Does the planner address one of you more than the other? Some financial advisers talk only to the husband on the assumption a wife is not in charge of money matters. Even a female retirement planner can still make the mistake of assuming the same.
Smart retirement planners understand couples often have different areas of knowledge, both of which are valuable.
Does your planner respect what you want to do with your retirement? Not every client has the same retirement goals. In fact, yours may be unconventional. Perhaps you want to divert your savings into a new business once you escape your 9-to-5 job. You want to start retirement much earlier than normal. You may seek to live an extremely rich life to help your children or to leave a large sum of money to a charity.
If an adviser you are interviewing makes you feel foolish for pursuing those goals, you should keep looking.
You also need to be in sync with the method and frequency with which retirement planners communicate with you. In terms of timing, you may only want to meet once a year to look at your portfolio and discuss any changes. You may also prefer quarterly or even monthly communication.
If you are already retired and travel frequently, the ability of the planner to be flexible about communication may also be important. Some clients prefer in-person meetings while others may need to get in touch by phone or email. Your retirement planner needs to suit his or her style to your preferences rather than their own.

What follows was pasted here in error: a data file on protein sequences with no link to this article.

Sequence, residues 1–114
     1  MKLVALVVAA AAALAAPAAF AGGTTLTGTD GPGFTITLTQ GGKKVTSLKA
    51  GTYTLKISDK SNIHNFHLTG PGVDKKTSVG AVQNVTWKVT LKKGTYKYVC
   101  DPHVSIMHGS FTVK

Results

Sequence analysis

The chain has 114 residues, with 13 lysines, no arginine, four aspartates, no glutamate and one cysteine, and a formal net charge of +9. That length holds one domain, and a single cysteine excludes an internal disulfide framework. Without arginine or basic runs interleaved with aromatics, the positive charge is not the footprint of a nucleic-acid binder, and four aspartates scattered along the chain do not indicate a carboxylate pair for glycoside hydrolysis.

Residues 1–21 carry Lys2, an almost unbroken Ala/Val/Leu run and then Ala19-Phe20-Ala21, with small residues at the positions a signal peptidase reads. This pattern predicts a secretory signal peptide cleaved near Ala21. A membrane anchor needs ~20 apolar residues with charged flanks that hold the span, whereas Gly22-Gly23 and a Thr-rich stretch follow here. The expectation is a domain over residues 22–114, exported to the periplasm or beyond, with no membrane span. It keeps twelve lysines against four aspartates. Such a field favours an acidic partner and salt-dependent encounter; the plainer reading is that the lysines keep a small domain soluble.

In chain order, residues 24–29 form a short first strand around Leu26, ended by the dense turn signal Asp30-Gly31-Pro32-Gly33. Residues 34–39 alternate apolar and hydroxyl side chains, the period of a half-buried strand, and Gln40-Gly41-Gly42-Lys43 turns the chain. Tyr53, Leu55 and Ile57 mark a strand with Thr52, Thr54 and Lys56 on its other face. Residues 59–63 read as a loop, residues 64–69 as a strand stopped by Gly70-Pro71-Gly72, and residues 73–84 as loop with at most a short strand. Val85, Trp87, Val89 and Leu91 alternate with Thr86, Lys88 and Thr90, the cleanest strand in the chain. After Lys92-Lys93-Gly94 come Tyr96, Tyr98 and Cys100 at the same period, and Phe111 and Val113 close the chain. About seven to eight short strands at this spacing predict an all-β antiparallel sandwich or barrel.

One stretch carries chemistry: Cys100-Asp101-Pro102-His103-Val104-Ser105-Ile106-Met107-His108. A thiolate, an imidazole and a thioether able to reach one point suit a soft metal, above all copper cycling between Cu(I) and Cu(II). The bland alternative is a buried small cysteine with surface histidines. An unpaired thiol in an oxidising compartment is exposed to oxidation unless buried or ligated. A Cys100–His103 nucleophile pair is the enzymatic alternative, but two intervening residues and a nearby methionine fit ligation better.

His or her ability to “speak your language” is also key. You will need to understand the information the planner provides. You should also feel confident the planner understands the priorities you have, as well as the questions you are asking. This is not the time to feel you have to “cover” for your lack of knowledge. The best retirement planners can translate their areas of expertise into layman’s terms. They also will not brush off your concerns.
Even if your retirement is imminent, it pays to take your time when looking for retirement planners. One size does not fit all! This is a professional who may be in charge of your savings, as well as adjustments to your investment portfolio. The best retirement planners boast a broad base of knowledge in all aspects of financial decisions, sterling reputation, and flexibility to meet your changing needs. It is not quite like looking for a needle in a haystack, but it can make the difference between reaching retirement age with a pile of straw or a pile of gold.
What are your qualifications in looking for retirement planners? List them down below.